- Doin' Different
- Perspectives on Literary and Linguistic Theory Part 2 Linguistic Theory
- Boudicca Britain's Dreaming
- Perspectives in Literary and Linguistic Theory Part 1. Critical Theory.
- Poem of the Month 2016-2020
- Tom and Harry
- Margery Kempe
- Doin’ different. (my 8th poetry collection) Poppyl...
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- The Merchant of Bristol (my 4th poetry collection)...
- Britain's Dreaming (my 3rd poetry collection) - Fr...
June 25, 2007
If you were in it, or saw it, and read this, let me know what you thought here.
June 10, 2007
Smithdon School Drama ProductionAt Princess Theatre, Hunstanton
Price: £5.00/£2.50 under 16's
As my daughter would say, it's all basically kicking off. I'll be there in the second row, mouthing the lines I've worked over for half my career along. If the cast falter, I could probably take over so it's a good job they won't. Ex Head of English John Davies, who will be with me, will no doubt shout down any audience inattention. He usually does.
Break a legend everybody.
June 01, 2007
Forty Years Ago TodayThe Beatles' Pepper-hot summer of love soundtrack album came out on June 1 1967. As a tribute to a band who curiously write so often for 'all the lonely people' (why did loneliness preoccupy such in-crowd guys?) , here's an excerpt from my Beatle novel/play/poem/whatever...
How did you do what you did to my rebel big sister in the summer of love? If I knew how you did it to her-
- If you can remember it, man, you weren’t there.
Tch. I wasn’t. I was eleven. I “had to go to bed early”. It would take me until 1973 to grow a moustache. The only acid I experimented with was in chemistry practicals. And my only bad trips were the bus rides to Grammar School. I wanted to go all the way down to Strawberry Fields instead - and then all the way up Penny Lane. As always with the Fabs, you got a lot more for your pocket money. I had to rely on the radio of course, not having the largesse of my podgy friend Timothy, but by time you got there, a haunting elegy is making you as happy as a fool on a hill. And then you turn around at Penny Lane for a big yellow iced lolly of joy. And all the better for that hint of acid in every lick!
Meanwhile, in the grown up world, The Times is calling Sergeant Pepper “a decisive moment in the history of Western civilisation.” The BBC is banning it. Tim Uptheroad’s Dad is saying the Beatles are young boys with more money than sense and that they dress like women. My big sister says his Dad’s idea of a man is a killer in khaki and that she prefers the peace uniforms the Beatles are wearing against Nam on ‘Pepper’. Mam snaps back that the summer of love is a fancy phrase for living in sin and that my sister has let her knickers down, whatever that means .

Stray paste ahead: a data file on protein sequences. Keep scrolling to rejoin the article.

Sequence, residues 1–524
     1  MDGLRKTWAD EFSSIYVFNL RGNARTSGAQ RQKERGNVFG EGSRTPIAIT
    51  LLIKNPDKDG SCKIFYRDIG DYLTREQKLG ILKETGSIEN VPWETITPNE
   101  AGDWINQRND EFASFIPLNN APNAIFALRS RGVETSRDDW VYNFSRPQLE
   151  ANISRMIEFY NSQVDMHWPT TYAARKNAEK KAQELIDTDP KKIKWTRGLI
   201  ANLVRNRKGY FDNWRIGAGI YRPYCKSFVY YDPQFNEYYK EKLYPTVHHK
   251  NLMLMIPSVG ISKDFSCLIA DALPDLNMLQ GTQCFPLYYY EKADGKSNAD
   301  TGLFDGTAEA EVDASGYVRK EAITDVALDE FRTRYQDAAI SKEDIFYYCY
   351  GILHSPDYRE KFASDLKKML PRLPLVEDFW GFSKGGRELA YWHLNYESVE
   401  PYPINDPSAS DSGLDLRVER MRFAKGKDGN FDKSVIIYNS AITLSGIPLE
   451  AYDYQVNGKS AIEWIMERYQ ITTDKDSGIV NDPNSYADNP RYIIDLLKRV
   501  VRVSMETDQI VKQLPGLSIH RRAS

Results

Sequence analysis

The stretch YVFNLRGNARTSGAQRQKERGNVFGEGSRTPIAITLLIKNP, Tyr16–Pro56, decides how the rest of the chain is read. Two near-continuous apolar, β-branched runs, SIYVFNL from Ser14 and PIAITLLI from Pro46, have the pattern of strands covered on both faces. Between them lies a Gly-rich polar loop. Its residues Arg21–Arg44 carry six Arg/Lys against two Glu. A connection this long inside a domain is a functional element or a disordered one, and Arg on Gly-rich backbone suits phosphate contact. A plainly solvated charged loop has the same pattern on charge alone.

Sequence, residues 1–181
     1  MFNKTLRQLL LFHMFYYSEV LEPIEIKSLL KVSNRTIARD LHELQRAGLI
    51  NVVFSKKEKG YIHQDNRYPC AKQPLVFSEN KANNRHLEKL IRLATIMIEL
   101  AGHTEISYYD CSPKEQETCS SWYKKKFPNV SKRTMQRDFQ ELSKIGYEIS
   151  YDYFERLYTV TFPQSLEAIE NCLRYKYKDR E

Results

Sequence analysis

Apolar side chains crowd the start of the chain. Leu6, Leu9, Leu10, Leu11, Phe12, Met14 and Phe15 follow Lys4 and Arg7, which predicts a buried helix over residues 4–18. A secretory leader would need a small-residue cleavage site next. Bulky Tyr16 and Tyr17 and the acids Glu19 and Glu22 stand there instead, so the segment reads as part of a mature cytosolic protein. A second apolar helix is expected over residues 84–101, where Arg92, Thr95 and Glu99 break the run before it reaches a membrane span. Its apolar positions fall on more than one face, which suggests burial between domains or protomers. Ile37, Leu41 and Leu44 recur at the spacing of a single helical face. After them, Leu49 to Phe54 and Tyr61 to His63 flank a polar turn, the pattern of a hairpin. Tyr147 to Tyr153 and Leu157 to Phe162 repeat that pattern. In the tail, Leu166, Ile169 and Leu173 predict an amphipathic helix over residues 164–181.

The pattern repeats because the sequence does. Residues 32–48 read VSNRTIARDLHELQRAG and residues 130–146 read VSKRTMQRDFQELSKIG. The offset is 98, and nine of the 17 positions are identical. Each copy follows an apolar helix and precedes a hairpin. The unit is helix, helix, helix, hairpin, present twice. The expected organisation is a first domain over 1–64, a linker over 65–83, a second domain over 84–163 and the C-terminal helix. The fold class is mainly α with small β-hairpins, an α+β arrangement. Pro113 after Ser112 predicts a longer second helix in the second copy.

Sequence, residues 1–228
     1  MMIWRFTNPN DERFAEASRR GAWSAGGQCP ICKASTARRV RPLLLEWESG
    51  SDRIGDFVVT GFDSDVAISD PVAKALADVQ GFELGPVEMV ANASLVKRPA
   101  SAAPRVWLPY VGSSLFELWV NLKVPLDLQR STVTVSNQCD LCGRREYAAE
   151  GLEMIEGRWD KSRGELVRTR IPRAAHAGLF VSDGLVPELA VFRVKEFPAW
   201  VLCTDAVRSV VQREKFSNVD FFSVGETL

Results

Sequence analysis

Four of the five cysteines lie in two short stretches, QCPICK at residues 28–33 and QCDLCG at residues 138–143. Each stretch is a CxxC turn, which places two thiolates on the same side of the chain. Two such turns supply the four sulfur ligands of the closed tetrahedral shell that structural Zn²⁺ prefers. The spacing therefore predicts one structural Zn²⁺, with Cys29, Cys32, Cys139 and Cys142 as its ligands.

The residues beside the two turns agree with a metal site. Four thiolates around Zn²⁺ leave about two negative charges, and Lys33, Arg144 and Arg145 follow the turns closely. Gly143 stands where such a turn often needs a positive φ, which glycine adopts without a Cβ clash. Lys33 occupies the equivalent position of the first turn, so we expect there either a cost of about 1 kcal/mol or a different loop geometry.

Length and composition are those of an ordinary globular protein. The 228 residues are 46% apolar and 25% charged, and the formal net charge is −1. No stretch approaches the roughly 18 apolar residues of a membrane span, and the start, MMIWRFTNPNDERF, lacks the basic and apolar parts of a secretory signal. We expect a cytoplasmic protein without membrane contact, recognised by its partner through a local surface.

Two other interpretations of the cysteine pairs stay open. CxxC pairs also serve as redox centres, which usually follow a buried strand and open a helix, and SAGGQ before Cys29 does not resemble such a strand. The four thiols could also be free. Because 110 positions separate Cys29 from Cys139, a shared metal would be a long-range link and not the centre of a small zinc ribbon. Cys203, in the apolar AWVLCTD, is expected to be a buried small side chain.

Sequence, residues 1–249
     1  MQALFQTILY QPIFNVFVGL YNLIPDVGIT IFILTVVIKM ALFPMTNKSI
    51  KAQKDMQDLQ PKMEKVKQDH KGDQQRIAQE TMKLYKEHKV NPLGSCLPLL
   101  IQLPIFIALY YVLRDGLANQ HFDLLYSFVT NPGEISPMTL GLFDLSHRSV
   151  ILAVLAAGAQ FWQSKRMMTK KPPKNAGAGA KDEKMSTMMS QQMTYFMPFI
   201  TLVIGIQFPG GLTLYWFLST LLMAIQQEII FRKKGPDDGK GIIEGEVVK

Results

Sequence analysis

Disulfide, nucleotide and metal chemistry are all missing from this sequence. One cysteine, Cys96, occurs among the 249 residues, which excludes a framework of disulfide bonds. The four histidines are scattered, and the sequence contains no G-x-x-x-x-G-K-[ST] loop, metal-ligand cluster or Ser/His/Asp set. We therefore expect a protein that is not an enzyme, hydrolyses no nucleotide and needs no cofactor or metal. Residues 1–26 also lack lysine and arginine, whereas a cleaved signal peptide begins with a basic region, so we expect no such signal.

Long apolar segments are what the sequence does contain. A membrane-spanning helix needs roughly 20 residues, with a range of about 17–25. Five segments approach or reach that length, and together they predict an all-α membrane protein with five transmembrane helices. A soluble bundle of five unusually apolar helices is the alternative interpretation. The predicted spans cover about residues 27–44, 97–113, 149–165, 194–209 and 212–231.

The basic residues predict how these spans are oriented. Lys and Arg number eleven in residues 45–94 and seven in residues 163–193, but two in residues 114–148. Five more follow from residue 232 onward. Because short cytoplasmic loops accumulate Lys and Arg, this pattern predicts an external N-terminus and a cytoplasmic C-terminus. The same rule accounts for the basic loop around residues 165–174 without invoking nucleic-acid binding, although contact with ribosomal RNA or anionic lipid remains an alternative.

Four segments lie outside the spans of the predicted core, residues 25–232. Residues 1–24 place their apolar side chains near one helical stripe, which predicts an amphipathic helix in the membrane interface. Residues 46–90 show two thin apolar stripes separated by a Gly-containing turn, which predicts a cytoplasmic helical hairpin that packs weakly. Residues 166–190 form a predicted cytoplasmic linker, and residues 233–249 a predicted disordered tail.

- Follow that, Mick.
Well, the Stones usually do. Which isn’t a put down - originality isn’t everything. Stones’ records seldom start less than brilliantly. They really kick. And then they get stuck in a groove. But the Beatles were never predictable like that. And in 1967, having rewritten the groove in 1963, they rewrote the groove again so completely that for once the Stones – with the possible exception of Brian Jones - couldn’t find it. Meanwhile, Sergeant Pepper’s Lonely Hearts’ Club Band led a whole generation up a completely different garden path. Past tangerine trees and flowers that grew incredibly high. Follow that, Mick
- Come on, Mick!
Nobody could though. Not even the Beach Boys whose mind-bending harmonies helped to inspire the change. And certainly not the arse-wriggling Stones. The Stones weren’t going to start evolving now. They had peacock-and fannied into the aristocracy of the English class system in their Beatle haircuts sooner than you could say St John’s Wood while Our John was still agonising about childminders. They’d followed the Fabs to the top of the English-free zone that used to be the US charts and we called it the British Invasion. But before I Want To Hold Your Hand any British Invasion was about as likely as the “Coronation Street” theme panning over Manhattan skyline. And the un-cute, unoriginal – though undoubtedly rocking – 1960s Stones never got invited up to Buckingham Palace either where naturally our Mopheads of the British Empire shared a pre-MBE joint in the naughty boys’ room. And when some debutante asked John if he was “the funny one” he said, “No, I’m the one with the big dick.” “The Beatles want to hold your hand but the Stones want to burn down your town,” wrote Tom Woolf. But it was the Beatles who burned it down.
I read a PG Wodehouse public school novel recently where all the angst is solved in the last chapter. The chaps who doubted the chap who couldn’t rat on a chap (even though that chap, rather than he, was a bounder). But in the last chapter it all comes out and the chaps organise it so the hero gets to score the winning try as the house team he’d been sacked in disgrace from wins the Cup. And as I put the book down, I suddenly found myself saying aloud about my life and career, “It hasn’t been like that- it’s all gone wrong for me.” And I cried like a child for what I’ve never had. And it’s that feeling – that glimpse of Eden from outside – that the Beatles music always captures for me.
George, what’s the most important thing in life?